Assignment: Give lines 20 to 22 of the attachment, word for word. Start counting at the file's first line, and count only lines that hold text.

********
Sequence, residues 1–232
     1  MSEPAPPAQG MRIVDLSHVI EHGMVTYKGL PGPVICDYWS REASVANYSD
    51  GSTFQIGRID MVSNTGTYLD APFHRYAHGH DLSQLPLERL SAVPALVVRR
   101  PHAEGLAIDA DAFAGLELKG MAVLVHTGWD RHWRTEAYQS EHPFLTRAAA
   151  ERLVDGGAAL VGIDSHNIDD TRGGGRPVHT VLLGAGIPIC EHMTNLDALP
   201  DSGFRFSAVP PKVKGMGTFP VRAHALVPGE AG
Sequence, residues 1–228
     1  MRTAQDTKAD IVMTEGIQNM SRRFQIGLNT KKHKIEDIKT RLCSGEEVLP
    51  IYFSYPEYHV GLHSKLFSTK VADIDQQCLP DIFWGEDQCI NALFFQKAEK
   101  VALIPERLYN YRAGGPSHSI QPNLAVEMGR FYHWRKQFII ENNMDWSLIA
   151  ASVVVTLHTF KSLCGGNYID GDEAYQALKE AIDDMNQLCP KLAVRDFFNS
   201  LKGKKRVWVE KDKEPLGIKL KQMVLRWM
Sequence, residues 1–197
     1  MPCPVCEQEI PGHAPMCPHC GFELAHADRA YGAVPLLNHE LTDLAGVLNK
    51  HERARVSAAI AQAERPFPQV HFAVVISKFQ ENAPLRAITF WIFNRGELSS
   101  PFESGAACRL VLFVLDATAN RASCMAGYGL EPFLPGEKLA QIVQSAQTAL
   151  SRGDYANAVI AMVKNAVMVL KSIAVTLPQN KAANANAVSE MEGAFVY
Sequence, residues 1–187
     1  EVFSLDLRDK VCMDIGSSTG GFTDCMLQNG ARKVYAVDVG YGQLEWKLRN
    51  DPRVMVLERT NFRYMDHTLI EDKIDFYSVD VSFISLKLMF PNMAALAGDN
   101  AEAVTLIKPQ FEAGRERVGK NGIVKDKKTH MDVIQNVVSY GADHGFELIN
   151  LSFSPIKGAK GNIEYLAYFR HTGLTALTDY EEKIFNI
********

    51  DPRVMVLERT NFRYMDHTLI EDKIDFYSVD VSFISLKLMF PNMAALAGDN
   101  AEAVTLIKPQ FEAGRERVGK NGIVKDKKTH MDVIQNVVSY GADHGFELIN
   151  LSFSPIKGAK GNIEYLAYFR HTGLTALTDY EEKIFNI